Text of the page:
As the years passed, my demands of snow-based commitment have grown. Dad and Pip did the trick a few years ago, but now it's all about Sebastien Loeb, Mikko Hirvonen and the rest of their World Rally Car gang.
And watching World Rally Cars here is special. Very special.
You need to go somewhere quick. Ultra-quick... limiter-in-top-bothering quick. Sagen is full of these places. Dig yourself a hole in the snow, make a fire, pour some hot chocolate and wait. The anticipation builds... and there it is: a Finn in full flight.
A subconscious step back (careful of the fire at this point...) and a double-take.
Henning Solberg provides a masterclass in snow rallying in 2012 © LAT
How did they do that? Seriously, how?
The sensory invasion is immense and, actually, nonsensical. Granted they have 1,536 studs (384 per wheel) to keep them on the straight and narrow, but those studs are nothing - there's only seven-mil sticking into the ice.
It's not just the speed, either, it's the sound of the studs cracking through the ice and the chill-blast of air that smacks you in the face, accompanied by a rooster trail of snow dust. It's winter magic. It's dancing on ice.
And the good thing is that, apart from the raw speed, the smell of the fire and the slow onset of frostbite in your toes, you can experience much of the sensation on the television this week.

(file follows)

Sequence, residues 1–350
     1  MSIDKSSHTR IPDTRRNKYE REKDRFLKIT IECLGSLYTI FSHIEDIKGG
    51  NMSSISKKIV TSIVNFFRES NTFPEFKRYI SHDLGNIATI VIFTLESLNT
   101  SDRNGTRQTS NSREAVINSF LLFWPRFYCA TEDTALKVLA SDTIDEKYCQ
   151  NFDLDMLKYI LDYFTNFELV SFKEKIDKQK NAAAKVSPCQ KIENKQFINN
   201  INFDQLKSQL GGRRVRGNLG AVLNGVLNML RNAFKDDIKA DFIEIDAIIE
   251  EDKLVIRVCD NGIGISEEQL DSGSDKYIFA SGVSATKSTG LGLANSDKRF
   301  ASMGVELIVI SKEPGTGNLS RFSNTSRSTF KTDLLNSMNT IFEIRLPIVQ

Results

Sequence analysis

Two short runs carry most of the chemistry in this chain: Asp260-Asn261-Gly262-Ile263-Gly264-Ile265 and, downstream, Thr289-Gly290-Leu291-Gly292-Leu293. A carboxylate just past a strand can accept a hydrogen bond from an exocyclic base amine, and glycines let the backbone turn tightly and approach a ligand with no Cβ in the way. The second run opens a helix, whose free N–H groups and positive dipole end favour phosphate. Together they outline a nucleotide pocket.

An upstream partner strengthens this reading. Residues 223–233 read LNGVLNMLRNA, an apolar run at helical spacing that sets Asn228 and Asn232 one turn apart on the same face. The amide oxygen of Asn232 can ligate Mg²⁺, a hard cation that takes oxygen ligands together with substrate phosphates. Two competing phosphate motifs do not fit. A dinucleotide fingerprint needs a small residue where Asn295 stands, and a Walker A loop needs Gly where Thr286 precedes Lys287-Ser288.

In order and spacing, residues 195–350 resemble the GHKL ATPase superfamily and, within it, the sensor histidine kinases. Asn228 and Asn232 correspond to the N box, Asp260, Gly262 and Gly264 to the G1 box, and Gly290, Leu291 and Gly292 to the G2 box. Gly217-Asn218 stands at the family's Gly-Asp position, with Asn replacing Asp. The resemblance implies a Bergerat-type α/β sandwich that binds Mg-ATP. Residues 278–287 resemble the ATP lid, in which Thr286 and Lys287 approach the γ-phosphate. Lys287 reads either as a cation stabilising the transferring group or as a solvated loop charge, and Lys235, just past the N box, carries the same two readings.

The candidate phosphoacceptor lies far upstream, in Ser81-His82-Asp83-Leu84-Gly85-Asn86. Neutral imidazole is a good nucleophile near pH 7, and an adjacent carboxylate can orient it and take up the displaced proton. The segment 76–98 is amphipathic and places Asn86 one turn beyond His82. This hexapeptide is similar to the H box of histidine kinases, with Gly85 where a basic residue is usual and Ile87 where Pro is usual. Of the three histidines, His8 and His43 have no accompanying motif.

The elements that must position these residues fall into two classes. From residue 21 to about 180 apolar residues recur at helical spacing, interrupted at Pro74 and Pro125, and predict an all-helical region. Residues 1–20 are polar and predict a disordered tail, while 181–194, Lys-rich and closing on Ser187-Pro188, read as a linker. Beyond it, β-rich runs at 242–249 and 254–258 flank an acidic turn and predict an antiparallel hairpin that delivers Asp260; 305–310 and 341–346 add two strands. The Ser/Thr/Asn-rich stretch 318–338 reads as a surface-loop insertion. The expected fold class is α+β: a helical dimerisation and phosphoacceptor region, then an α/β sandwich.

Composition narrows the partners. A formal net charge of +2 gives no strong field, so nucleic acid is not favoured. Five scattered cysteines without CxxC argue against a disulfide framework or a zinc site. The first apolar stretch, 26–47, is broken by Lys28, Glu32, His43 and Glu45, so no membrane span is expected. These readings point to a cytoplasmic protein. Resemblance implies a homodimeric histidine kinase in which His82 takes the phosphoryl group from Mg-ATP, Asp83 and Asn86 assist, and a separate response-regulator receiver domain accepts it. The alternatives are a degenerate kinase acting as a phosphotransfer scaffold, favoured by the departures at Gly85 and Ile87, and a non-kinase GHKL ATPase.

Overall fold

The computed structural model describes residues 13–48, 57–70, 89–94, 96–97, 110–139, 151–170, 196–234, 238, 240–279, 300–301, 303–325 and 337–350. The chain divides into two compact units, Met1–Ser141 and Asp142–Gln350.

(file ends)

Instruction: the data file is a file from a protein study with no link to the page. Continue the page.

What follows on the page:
Unless you live in Britain.
Still no World Rally Championship coverage for us Brits - how shocking is that? I was really wound up at not being able to re-live those Monte moments with my children when I got home last month, but not being able to show them the highlights of Sweden has really got my goat.
What the hell is going on?
I love this sport and I'm fortunate enough to earn my living in it, but what about those folk equally passionate about rallying, but not privileged enough to work in the world's service parks?
UK TV viewers missed out on the Monte action © XPB
The only answer is to listen to WRC Live - and hope the split times are working this time...
Fortunately, we do have a man with a plan in Jarmo Mahonen. The FIA's rally director is a Finn, which means rallying is a religion to him. Mahonen knows the score.
He knows how important telly in Britain is, just like he's well aware of how important it is to know where the rally cars are at any given time and who's leading the rally. Jarmo knows this substandard start to the season can't carry on. And he won't allow it to.
Sorry to have banged on about politics again, but at times like this I just can't help myself. Frustration doesn't come close.
Fortunately, snow at home has brought some respite. Not least in the realisation that our children both have an in-built understanding of the utmost importance of the handbrake.
This point was hammered home when, on a recent and particularly snowy trip to Granny's house, the fever-pitch excitement was shot-down in a miserable second's realisation that the council had done its worst.
"Daddy," my son said in hushed tones from the back seat, "I know we don't say hate... but I hate gritters."
Then it started snowing. And he smiled again. And so did I.
Chances are, it'll snow some more this week. And, in the absence of anything worth watching on television, you could always head for the hill.
You never know, Pip might have the Mini out...